Dancing (gasp) the dance that never ends
What a long strange trip it’s been. It was 15 years ago I straggled into this county, straight off Grateful Dead tour and a little weary of dancing the dance that never ends. In those 15 years – and much to the relief of my parents – I got a job, bought a home, got married, had a kid and now tend to such mundane things as lawns, gardens, broken furnaces and roof repairs.
So, after a multi-year reprieve, it was with great delight that I bought a ticket to the Dark Star Orchestra concert in Breckenridge last month. I pulled out all my tie-dyes from storage, found my silver anklet adorned with a half-pound of little bells, spritzed on a bit of patchouli and put a flower behind my ear for good measure.
“Is that what you looked like on Dead tour, mama?” my daughter asked, her nose wrinkled in uncertainty.
“Yes, but younger. And dirtier.”
“Did you … smell like that, too?”
It was all coming back to me: The swirling, spinning dances, the brightly colored T-shirts, the bumper stickers, the batik skirts, peasant blouses, rings on our fingers and bells on our toes. Those of us who were lucky enough to own vehicles picked up hapless hitchhikers en route to the next show. Those who were lucky enough to have extra tickets gave them away to those less fortunate. People shared their good will, their hotel rooms, their food – and quite a few other things I don’t want to mention because I’m not sure when the statute of limitations runs out.
I’m not sure what I expected when I entered the Riverwalk. Sure, the tie-dyed shirts were in abundance, as were the broomstick skirts, dreadlocks and the seemingly ever-present pungency of marijuana mixed with patchouli.
Amidst all that, though, I couldn’t help but notice a few changes – starting in the parking lot.
My truck on Dead tour was a 1977 Toyota, which at last count was adorned with ’87 bumper stickers on the outside of the camper shell, and another 100 or so inside. It did multi-duty as a living room, sleeping quarters, kitchen, den and transport between cities.
There was one VW van parked outside the Riverwalk the night of the DSO show. But surrounding it were a plethora of cars we never would have seen on tour: Explorers, Saabs, Volvos, Tauruses and, of course, Subarus like mine. There were a few Dead-oriented bumper stickers on windows, but they were discreet, like a tattoo acquired in youth and covered up in older years.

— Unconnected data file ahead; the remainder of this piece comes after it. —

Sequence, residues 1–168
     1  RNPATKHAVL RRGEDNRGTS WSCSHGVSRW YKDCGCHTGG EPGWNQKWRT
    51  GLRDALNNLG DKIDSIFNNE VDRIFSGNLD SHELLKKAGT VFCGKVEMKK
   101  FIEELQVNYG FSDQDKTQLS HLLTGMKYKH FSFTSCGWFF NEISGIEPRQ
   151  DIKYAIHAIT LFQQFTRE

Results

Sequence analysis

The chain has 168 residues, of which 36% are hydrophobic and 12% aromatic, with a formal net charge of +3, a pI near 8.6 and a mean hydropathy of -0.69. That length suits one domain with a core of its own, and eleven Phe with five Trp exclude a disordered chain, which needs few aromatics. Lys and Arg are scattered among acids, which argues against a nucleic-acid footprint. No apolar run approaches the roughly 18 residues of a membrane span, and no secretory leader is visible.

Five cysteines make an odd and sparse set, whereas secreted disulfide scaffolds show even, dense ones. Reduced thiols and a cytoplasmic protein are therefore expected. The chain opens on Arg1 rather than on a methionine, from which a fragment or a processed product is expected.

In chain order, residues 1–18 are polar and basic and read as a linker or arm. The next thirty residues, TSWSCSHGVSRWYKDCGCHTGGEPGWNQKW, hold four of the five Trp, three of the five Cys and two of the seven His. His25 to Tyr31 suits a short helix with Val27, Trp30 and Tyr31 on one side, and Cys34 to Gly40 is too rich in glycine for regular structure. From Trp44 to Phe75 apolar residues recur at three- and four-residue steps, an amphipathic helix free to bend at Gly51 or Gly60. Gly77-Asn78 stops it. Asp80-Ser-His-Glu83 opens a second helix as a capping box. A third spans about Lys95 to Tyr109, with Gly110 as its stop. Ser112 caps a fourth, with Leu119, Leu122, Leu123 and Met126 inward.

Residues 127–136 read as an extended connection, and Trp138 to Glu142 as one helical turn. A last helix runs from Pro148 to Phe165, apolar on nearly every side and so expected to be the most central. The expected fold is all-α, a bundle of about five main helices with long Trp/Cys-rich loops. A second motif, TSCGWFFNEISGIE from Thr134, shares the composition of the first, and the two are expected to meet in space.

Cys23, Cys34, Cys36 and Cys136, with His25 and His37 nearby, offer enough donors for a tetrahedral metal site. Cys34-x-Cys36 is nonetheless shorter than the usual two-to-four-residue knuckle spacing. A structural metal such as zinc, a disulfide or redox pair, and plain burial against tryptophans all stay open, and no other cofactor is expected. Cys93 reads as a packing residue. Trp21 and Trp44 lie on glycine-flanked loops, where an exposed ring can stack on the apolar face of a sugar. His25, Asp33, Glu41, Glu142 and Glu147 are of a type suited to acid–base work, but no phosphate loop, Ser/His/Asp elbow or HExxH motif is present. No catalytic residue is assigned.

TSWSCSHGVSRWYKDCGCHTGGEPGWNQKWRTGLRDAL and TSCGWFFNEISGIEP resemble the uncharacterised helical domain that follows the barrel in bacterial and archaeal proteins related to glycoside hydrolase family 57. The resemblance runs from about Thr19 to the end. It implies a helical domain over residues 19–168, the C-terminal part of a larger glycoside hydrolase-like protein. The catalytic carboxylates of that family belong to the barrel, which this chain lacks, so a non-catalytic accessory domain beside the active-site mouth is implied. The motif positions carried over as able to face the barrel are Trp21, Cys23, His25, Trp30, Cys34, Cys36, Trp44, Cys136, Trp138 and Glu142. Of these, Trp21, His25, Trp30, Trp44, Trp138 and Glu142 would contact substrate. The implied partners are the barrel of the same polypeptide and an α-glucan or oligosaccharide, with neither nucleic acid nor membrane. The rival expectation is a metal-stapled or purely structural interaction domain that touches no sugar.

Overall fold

On Dead tour, we often killed what little downtime we had making jewelry from ceramic Peruvian beads, wooden seeds and hemp. Now my fellow dancers – or at least the ones in my age bracket – wore fine hand-blown glass-beaded necklaces from Fine Line Studios.
On tour, my friends and I wore Earth shoes or high-topped leather moccasins – if we wore shoes at all. The Deadheads of this century, myself included, were adorned with Tevas or Chacos.
The Chilean bags we slung around our necks – filled with important things like medicine bags, phone numbers and maybe a shiny trinket that caught our eye – have been replaced with purses from, well, let’s just say they’re not from South America. And they’re filled with the important things of the 21st century: cell phones, Revo sunglasses and American Express platinum cards.
We’ve traded in our baggy, striped cotton shorts from Brazil for form-fitting duds from Gramicci and Patagonia. Today, we exchange cash for fine wines and margaritas, unlike the days when we bartered for cheap American beer.
Years ago, friends with “taper tickets” that enabled them to tape the show straight off the soundboard were admired – and sought after. Now, high-quality CDs are sold at a table near you.
Yet, the music was, eerily enough, the same – as was the strutting Bob Weir lookalike who played lead guitar. But “Sugaree,” “Uncle John’s Band,” “Brother Esau” – they all brought me to my feet to swirl and twist and sway with others in front of the stage.
The fervor, the energy, the glowing and smiling faces, reminded me why I took those two years off from life to jump on the bus and dance the dance that never ends to the music that never stops.
It’s been a long, strange trip. And boy, am I pooped.
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